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A new term has been coined by the Centers for Disease Control and Prevention, ventilator-associated events (VAEs)¹. In 2011, the CDC convened a working group composed of members of several stakeholder organizations to address the limitations of the definition of ventilator-associated pneumonia (VAP) definition². The organizations represented in the Working Group include: the Critical Care Societies Collaborative (the American Association of Critical-Care Nurses, the American College of Chest Physicians, the American Thoracic Society, and the Society for Critical Care Medicine); the American Association for Respiratory Care; the Association of Professionals in Infection Control and Epidemiology; the Council of State and Territorial Epidemiologists; the Healthcare Infection Control Practices Advisory Committee’s Surveillance Working Group; the Infectious Diseases Society of America; and the Society for Healthcare Epidemiology of America.
VAEs are defined by an increase oxygen (>0.2 in FiO2) or positive end-expiratory pressure (PEEP) (≥3 cm H2O), after a previous stable baseline of at least 2 days. There are three definition tiers within the VAE algorithm:
- Ventilator-Associated Condition (VAC);
- Infection-related Ventilator-Associated Complication (IVAC); and
- Possible VAP (PVAP).
There are also many other criteria to classify a VAE into the CDC’s tiers which are omitted for brevity. These definitions have been implemented in the National Healthcare Safety Network (NHSN) and according to the CDC are easily implemented, can make use of electronic health record systems to automate event detection, and identify events that are clinically important and associated with outcomes such as ICU and hospital length of stay and mortality. According to the CDC most VACs are due to pneumonia, ARDS, atelectasis, and pulmonary edema which “are significant clinical conditions that may be preventable”.
The CDC says "the VAE definition algorithm is for use in surveillance; it is not a clinical definition algorithm and is not intended for use in the clinical management of patients”. Based on the experience with the hospital acquired infections program this seems unlikely. What seems more likely is that hospitals will be measured on VAE rates with financial or public relations consequences shortly to follow.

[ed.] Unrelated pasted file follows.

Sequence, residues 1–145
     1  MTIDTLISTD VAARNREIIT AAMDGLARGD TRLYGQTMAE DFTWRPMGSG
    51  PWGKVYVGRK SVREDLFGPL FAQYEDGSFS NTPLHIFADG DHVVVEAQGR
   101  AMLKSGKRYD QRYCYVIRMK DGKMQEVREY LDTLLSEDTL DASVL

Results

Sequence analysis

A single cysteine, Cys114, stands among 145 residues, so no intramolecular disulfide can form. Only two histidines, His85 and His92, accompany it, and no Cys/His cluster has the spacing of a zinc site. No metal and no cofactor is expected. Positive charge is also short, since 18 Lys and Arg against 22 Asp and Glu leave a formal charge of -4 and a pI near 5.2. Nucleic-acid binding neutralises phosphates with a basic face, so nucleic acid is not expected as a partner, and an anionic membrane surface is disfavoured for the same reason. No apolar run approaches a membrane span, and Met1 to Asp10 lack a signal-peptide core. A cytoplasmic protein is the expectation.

The best evidence suggests that the VAE concept is not useful for guiding clinical decisions in the moment¹. Its performance characteristics as a screening test appear to be terrible, with poor sensitivity (~32%) for detecting VAP in the one of the only prospective studies. This is because clinically insignificant fluctuations in oxygenation/PEEP status are often recorded as VAEs, diluting signal with noise. Numerous retrospective reviews supporting the VAE concept listed on CDC's website strongly link VAEs with morbidity and mortality. However, these observations could be true of many events and may be very different from showing that a prospective (intervention-based) approach is helpful.
Pulmonologist Dr. Richard Wunderink from Northwestern commented that “the central hypothesis of the VAE criteria—that VAP and other potentially preventable complications of mechanical ventilation can consistently be detected by worsening gas exchange—is clearly not true”.
The problems with VAE appear much the same as the problems with VAP. Neither is strongly evidence-based and neither has been shown to be helpful in patient care. Furthermore, it might be possible to “game” the numbers by adjusting PEEP, expiratory time, and FiO2 within the defined limits.
Richard A. Robbins, MD
- Pulm/CCM. What are ventilator-associated events (and why should you care)? (accessed 1/24/17).
- CDC. Ventilator-associated event (VAE). January 2017. Available at: https://www.cdc.gov/nhsn/pdfs/pscManual/10-VAE_FINAL.pdf (accessed 1/24/17).